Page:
I’ve been on jury duty, so it seemed a good time to launch a new occasional feature, “Stories We Missed.” These are stories we didn’t get around to blogging on at the time.
Speaking of the legal system, the ChiPs are down for the California hydrogen highway cul de sac — literally. The future Ponches and Jons of the California Highway Patrol won’t be policing the hydrogen highway.
As Green Car Reports explained in a piece from this summer, “RIP Hydrogen Highway? California Takes Back Grant Dollars.”
… the future of hydrogen vehicles depends on a network of filling stations to allow people to go about their journeys as normal.
That future has taken a blow in California, with the news that $27 million in grants for hydrogen filling stations has been revoked by the California Energy Commission.
According to the Santa Monica Mirror (via Autoblog Green), the grants have been revoked so the state can reassess the grant process, after complaints that Linde Group and Air Products & Chemicals (AP&C)–two companies set to use around two-thirds of the grant money–had largely self-dealt the contracts.
… there are questions about how green the hydrogen actually is–since much of the fuel Linde and AP&C will sell is from natural gas, rather than renewable sources. Air products has said that one third of its hydrogen will be extracted from landfill biogas, meeting the state’s one-third-renewable energy requirements by 2020.
Hydrogen fuel cell vehicles (HFCVs) require multiple technological (and other) miracles to succeed as practical, affordable, carbon-reducing consumer vehicles — and they require every plausible competitor, including electric vehicles, to fail first (see “Hydrogen fuel cell cars are a dead end from a technological, practical, and climate perspective” and “The car of the perpetual future” — The Economist agrees with Climate Progress on hydrogen).
Using fuel cell vehicles and hydrogen from zero-carbon sources such as renewable power or nuclear energy has a cost of avoided carbon dioxide of more than $600 a metric ton, which is more than a factor of ten higher than most other strategies being considered today….
Nothing that would significantly change that calculation has happened in the last few years. Moreover, as The Economist noted a few years ago, some say “the solution to large-scale hydrogen production lies in using renewable electricity to extract hydrogen from water via electrolysis” or using “nuclear power. But it would surely be easier simply to use this energy to charge the batteries of all-electric or plug-in hybrid vehicles.” Easier, hundreds of billions of dollars cheaper, and you don’t throw away 75% of the valuable carbon free electricity in the process!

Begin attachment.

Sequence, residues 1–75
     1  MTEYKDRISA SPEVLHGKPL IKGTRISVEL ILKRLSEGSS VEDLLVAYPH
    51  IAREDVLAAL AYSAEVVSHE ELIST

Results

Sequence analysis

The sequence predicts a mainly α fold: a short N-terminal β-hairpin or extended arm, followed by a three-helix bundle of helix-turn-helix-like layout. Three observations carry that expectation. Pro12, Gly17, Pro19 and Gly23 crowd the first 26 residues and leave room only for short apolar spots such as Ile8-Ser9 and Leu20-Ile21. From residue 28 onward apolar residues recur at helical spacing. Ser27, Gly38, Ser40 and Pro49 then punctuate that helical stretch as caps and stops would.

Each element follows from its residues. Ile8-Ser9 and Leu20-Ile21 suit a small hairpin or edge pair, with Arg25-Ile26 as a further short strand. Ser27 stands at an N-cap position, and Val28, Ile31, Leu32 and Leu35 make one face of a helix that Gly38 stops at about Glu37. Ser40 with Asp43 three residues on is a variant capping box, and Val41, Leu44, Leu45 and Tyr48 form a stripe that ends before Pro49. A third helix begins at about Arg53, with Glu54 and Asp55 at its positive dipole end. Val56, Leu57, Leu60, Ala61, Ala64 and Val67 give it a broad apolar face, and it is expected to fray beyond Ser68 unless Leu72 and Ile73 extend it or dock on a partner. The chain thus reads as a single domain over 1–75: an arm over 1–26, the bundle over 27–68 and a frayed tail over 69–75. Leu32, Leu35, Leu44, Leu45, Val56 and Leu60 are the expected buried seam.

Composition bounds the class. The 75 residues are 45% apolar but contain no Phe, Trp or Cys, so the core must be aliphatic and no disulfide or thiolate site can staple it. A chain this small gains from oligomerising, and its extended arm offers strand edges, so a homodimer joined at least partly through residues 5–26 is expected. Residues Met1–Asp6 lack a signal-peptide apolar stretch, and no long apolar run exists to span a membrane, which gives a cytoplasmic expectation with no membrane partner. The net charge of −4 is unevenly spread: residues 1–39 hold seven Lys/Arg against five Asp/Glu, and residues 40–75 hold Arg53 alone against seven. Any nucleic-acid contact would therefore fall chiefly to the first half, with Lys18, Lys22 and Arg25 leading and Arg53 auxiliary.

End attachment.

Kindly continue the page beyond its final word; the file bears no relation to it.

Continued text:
Running HFCVs on natural gas makes no sense at all since the full life-cycle GHG emissions (including methane leakage) are merely comparable to the best gasoline hybrids. Also, building an expensive hydrogen fueling infrastructure over the next two decades around a fossil fuel would vastly increase the total long-term cost since that infrastructure would have to be replaced in the two decades after that by carbon-free hydrogen fueling stations.
These are but a few of the reasons the incredibly expensive infrastructure will never be built. No independent group ever proposed a plausible scenario under which the infrastructure would be built, so it’s no surprise California couldn’t figure it out. And that’s the fundamental reason hydrogen cars will not be practical or a cost-effective climate strategy in your lifetime. Or, as The Economist put it,
In other words, claims that hydrogen will be the automotive fuel of the future are as true today as they ever have been.